Disruptive technologies and business models, paired with changing consumer expectations, will change healthcare.
In keeping with our theme of lean healthcare, today’s topic is a recap of the American Physical Therapy Conference CSM 2013 is a session called “Doing Today’s Work Today: How To Reduce Inefficiencies in Physical Therapy Service Delivery Through the Application of ‘Just In Time’ Management Principles.” Yes, the title was quite a mouthful, but the session was well organized, clear, and straightforward. Presenters Todd E. Davenport, Nicholas J. Ferlatte, Ivan Matsui, Carol Jo Tichenor, were all from Kaiser Permanente. Since Kaiser Permanente is a managed care consortium, they are able to experiment with programs and collaboration between disciplines all within the umbrella of their organization.
Starting with a recap of lean management principles applied to healthcare, presenters focused on case studies and learning from three programs at Kaiser, all designed to increase client satisfaction and decrease waste.
Roving physical therapists program
This program had physical therapists ‘on-call’ to be brought in if a consulting MD needed support. The therapist could quickly access the situation, make a prescription, and then decide whether the patient needed a referral. If the patient needed a referral to a physical therapist, they might have to wait 30 minutes to see that physical therapist rather than a few weeks. The results of the program were significantly happier patients, and a dramatic reduction in the wrong physical therapy prescription. Given that patients were seen sooner, there could also be assumed to be better recovery times as well.
While this program turned out to be the best for patients, some considerations needed to be taken on how to manage the physical therapist’s productivity. Kaiser’s structure of being a full-service managed care organization enabled this scenario, but it’s definitely worth considering how to bridge this gap with integrated care.
Telehealth is expected to grow 55% in 2013 and reach 1.8M patients. This is partially driven by Medicare’s penalties on readmission, but also as Kaiser Permante learned, by consumer preference. Patients liked the video check-in because it meant they didn’t have to leave work or battle traffic for their appointments. There was also a strong personal connection having the appointment at their convenience and location rather than a clinic. However, one extremely important reason they liked the Kaiser program was that it was free. This is a consideration that’s not possible for many clinics. However, we have seen changes in billing codes in most states that allow for telemedicine.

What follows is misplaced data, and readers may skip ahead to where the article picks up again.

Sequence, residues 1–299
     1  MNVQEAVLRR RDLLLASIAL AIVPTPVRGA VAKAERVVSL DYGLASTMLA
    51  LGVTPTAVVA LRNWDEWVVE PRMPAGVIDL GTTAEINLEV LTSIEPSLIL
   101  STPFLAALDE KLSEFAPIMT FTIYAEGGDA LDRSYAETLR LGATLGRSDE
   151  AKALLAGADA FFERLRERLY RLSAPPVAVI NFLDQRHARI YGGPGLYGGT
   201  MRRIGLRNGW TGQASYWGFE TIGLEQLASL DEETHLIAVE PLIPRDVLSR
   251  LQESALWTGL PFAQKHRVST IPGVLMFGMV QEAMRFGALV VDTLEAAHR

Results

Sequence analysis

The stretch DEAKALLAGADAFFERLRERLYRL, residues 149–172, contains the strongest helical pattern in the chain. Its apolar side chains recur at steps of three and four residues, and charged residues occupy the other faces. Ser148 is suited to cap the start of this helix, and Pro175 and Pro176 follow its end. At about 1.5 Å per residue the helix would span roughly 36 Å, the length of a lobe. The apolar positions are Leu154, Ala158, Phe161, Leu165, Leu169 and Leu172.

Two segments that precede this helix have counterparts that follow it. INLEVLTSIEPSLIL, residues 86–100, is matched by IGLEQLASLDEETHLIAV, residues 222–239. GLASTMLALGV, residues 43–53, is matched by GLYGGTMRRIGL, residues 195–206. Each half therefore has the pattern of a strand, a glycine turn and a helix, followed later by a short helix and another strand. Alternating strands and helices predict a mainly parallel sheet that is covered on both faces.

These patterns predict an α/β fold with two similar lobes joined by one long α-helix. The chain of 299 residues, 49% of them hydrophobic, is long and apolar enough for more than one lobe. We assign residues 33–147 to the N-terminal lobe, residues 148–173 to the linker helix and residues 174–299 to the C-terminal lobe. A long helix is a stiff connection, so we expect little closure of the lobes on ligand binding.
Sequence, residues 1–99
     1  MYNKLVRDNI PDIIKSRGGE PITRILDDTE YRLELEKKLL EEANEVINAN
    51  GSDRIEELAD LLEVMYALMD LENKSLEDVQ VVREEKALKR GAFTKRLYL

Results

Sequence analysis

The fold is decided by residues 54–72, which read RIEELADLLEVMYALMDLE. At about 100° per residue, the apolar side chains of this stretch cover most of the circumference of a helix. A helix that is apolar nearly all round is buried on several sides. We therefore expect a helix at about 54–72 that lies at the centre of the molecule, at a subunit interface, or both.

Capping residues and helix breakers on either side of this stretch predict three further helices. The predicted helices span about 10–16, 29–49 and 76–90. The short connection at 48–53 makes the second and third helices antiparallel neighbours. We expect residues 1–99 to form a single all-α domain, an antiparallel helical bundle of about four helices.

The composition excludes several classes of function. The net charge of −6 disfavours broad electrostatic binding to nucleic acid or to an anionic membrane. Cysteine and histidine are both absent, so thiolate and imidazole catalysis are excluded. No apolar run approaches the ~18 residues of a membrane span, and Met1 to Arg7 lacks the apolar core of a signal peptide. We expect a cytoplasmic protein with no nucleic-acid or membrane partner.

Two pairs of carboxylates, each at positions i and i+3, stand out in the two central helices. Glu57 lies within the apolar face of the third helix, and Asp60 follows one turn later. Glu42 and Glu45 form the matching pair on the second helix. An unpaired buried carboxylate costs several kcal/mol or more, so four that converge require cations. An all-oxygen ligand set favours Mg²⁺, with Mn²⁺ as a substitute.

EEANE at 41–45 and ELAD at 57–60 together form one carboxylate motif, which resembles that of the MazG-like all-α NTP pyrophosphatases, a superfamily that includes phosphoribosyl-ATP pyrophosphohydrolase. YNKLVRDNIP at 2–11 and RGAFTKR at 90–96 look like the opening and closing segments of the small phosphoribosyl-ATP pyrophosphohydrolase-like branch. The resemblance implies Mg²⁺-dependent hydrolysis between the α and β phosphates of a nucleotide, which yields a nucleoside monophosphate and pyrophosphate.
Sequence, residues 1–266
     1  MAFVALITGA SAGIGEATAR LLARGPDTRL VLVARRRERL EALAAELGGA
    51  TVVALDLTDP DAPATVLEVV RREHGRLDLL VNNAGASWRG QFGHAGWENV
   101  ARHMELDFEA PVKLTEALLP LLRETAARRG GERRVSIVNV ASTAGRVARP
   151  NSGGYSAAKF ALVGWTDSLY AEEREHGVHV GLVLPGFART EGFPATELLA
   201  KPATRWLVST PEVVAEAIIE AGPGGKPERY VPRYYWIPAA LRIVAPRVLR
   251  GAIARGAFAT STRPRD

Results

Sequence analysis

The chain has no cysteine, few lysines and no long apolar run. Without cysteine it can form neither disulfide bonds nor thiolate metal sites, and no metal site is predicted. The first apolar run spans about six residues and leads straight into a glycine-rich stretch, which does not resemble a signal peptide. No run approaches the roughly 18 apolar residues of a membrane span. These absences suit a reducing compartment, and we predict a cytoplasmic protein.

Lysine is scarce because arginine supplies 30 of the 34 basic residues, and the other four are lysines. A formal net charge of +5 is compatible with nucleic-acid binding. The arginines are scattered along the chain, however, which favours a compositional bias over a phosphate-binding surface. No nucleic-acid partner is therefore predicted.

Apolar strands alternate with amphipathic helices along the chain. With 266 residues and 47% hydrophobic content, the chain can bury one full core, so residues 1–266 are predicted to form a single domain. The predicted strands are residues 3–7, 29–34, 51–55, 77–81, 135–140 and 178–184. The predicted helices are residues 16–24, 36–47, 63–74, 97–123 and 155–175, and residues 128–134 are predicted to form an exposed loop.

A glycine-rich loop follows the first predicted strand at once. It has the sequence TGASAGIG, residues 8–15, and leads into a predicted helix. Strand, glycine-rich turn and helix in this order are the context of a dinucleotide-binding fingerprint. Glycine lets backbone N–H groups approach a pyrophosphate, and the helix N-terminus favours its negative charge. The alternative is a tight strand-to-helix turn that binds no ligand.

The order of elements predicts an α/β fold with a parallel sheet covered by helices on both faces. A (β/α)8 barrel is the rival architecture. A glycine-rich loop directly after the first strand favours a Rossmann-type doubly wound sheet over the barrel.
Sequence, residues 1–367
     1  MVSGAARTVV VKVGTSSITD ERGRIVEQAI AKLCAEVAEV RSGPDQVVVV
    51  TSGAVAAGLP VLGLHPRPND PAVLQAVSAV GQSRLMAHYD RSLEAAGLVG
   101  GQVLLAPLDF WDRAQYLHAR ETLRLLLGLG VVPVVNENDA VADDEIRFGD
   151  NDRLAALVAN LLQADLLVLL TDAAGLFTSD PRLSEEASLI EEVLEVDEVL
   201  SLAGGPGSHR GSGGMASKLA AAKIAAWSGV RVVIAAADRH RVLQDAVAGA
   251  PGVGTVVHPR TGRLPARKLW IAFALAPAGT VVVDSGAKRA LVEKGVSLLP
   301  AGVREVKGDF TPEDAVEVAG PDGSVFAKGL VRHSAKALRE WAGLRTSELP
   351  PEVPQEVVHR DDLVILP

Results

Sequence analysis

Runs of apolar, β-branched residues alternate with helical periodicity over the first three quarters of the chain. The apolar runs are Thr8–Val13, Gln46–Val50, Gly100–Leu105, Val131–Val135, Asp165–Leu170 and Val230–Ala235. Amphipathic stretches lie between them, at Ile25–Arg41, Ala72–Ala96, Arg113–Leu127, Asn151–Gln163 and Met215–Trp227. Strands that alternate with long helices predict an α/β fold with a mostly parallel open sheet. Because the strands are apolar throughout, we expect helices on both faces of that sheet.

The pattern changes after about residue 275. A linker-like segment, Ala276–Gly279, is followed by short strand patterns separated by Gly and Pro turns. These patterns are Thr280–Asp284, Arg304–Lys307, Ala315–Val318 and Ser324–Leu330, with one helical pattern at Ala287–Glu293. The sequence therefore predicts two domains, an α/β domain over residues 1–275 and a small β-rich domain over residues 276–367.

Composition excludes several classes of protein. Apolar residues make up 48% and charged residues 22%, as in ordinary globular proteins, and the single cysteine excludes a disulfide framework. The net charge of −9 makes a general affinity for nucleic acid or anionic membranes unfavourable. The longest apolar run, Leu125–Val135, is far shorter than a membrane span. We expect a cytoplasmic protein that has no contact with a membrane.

The presenters also shared some best practices if you’re thinking of implementing video visits into your practice which we’ll dedicate a separate post to in the coming days.
To judge whether telehealth is effective, you need to consider two factors: clinical outcomes and patient satisfaction. If you’re going to try a telehealth pilot, think about how you will measure in advance.
Workplace occupational injury prevention
Workplace injuries are decreasing, while workplace injury costs are actually increasing. That is, fewer people are being injured but it’s costing more to treat those injuries. The main users are younger men who work as laborers, and women 50-60 who work as tradespeople. Similar to other sessions, this session promoted physical therapists as ambassadors of total health and wellness, and in this case occupational wellness.
Kaiser Permanente implemented an occupational wellness program in their own workplace in two high-injury departments: radiology and materials management. Starting with an ergonomic assessment, they then created programs that include pre-shift and at-home exercise programs, and stress and weight management. The result has been a steady decline in workplace injuries over the last 15 years, and a general increase in the importance of health and safety.
While this program was internal to Kaiser Permanente, corporate wellness programs are quite common with their focus on preventative healthcare. This could be an interesting area of focus for physical therapy organizations.
Finally, the panelists encouraged the audience to start thinking about and embracing new business models by saying “It’s okay to ask for money for services provided.”